and get a nice PDF with the plot resulting from that query. Had you just said make density.vot, make would just have executed the query and left the VOTable, e.g., for investigation with TOPCAT, and if you were to type make density.png, you’d get a nice PNG without querying the service again. Like this:

<img src="https://blog.g-vo.org/wp-content/uploads/2017/02/density.png" alt="" width="600" height="380" class="alignnone size-full wp-image-81" />

Unless of course you changed the SQL in the meantime, in which case make would figure out it had to go back to the service.

In particular for the plots you’ll often have to override the defaults. Make is smart enough to figure this out. For instance, you could have two files like this:

$ cat pm_histogram.sql
SELECT
  round(pmtot/10)*10 as bin, count(*) as n 
FROM ( 
  SELECT sqrt(pmra*pmra+pmde*pmde)*3.6e6 as pmtot
  FROM hsoy.main) AS q
group by bin
$ cat pm_histogram_cleaned.vot
SELECT 
  round(pmtot/10)*10 as bin, 
  count(*) as n 
  FROM ( 
    SELECT sqrt(pmra*pmra+pmde*pmde)*3.6e6 as pmtot 
    FROM hsoy.main
    WHERE no_sc IS NULL) AS q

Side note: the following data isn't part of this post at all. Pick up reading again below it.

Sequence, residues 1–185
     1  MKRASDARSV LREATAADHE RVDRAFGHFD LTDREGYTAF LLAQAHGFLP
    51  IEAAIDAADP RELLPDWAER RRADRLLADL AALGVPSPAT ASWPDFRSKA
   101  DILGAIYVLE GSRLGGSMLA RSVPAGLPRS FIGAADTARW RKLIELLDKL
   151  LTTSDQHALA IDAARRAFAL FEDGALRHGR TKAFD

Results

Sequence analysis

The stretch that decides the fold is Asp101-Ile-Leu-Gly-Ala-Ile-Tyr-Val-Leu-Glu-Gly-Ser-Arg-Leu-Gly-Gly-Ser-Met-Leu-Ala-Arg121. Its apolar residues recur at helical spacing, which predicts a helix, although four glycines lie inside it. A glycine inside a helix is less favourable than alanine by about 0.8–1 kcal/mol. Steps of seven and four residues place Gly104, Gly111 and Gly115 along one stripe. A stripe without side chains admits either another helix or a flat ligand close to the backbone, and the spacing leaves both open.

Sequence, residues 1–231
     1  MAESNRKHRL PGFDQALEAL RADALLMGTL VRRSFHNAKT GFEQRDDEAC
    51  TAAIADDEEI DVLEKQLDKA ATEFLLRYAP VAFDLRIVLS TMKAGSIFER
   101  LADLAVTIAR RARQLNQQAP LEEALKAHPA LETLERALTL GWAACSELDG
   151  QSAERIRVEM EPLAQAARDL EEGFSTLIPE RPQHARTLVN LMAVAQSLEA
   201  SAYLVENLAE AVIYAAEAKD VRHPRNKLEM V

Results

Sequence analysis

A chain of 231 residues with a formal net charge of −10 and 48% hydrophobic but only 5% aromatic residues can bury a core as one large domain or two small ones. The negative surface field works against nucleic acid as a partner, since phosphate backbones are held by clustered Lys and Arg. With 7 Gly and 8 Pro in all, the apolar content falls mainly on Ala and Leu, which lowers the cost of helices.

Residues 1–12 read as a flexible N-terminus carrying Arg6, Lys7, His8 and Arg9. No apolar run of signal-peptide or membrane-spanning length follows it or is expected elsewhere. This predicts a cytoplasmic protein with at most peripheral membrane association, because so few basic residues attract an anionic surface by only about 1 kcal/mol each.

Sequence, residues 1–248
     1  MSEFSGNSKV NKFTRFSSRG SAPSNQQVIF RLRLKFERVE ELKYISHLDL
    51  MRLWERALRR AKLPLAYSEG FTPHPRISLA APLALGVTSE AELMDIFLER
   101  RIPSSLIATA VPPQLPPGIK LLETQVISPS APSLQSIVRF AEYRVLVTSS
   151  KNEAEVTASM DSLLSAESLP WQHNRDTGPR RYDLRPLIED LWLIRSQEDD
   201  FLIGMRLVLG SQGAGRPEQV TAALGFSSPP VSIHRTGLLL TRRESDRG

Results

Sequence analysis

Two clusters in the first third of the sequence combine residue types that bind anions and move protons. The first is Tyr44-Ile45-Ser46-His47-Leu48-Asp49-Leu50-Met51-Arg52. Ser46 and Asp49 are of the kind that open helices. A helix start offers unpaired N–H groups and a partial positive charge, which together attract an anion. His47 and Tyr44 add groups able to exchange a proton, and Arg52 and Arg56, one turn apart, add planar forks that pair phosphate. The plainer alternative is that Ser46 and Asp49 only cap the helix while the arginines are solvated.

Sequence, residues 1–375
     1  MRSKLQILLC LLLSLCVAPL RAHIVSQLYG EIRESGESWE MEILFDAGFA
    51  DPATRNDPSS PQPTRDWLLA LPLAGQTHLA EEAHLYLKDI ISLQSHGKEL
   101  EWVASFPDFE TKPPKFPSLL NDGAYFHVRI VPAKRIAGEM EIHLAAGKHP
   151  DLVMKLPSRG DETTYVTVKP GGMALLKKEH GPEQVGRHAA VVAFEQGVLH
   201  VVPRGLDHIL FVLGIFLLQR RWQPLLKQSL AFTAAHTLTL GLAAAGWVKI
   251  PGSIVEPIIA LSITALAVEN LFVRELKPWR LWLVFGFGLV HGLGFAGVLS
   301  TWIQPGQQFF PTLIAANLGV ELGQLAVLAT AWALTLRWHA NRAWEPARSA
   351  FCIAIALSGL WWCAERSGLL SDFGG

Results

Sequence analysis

group by bin

(these were used to analyse the overall proper motions distributions in HSOY properties; note that each of these will run about 30 minutes or so, so better adapt them to what’s actually interesting to you before trying this).

No special handling in terms of queries is necessary for these, but the plot needs to be hand-crafted:

pm_histograms.png: pm_histogram.vot pm_histogram_cleaned.vot
	$(STILTS) plot2plane legend=false \
	  omode=out ofmt=png out=$@ \
  	title="All-sky" \
  	xpix=800 ypix=600 \
  	ylog=True xlog=True\
  	xlabel="PM bin [mas/yr, bin size=10]" \
  	xmax=4000 \
	layer1=mark \
  	color1=blue \
  	in1=pm_histogram.vot \
  	x1=bin \
  	y1=n \
	layer2=mark \
  	in2=pm_histogram_cleaned.vot \
  	x2=bin \
  	y2=n

– that way, even if you go back to the stuff six months later, you can still figure out what you queried (the files are still there) and what you did then.

A makefile to play with (and safe from cut-and-paste problems) is available from Makefile_tapsample (rename to Makefile to reproduce the examples).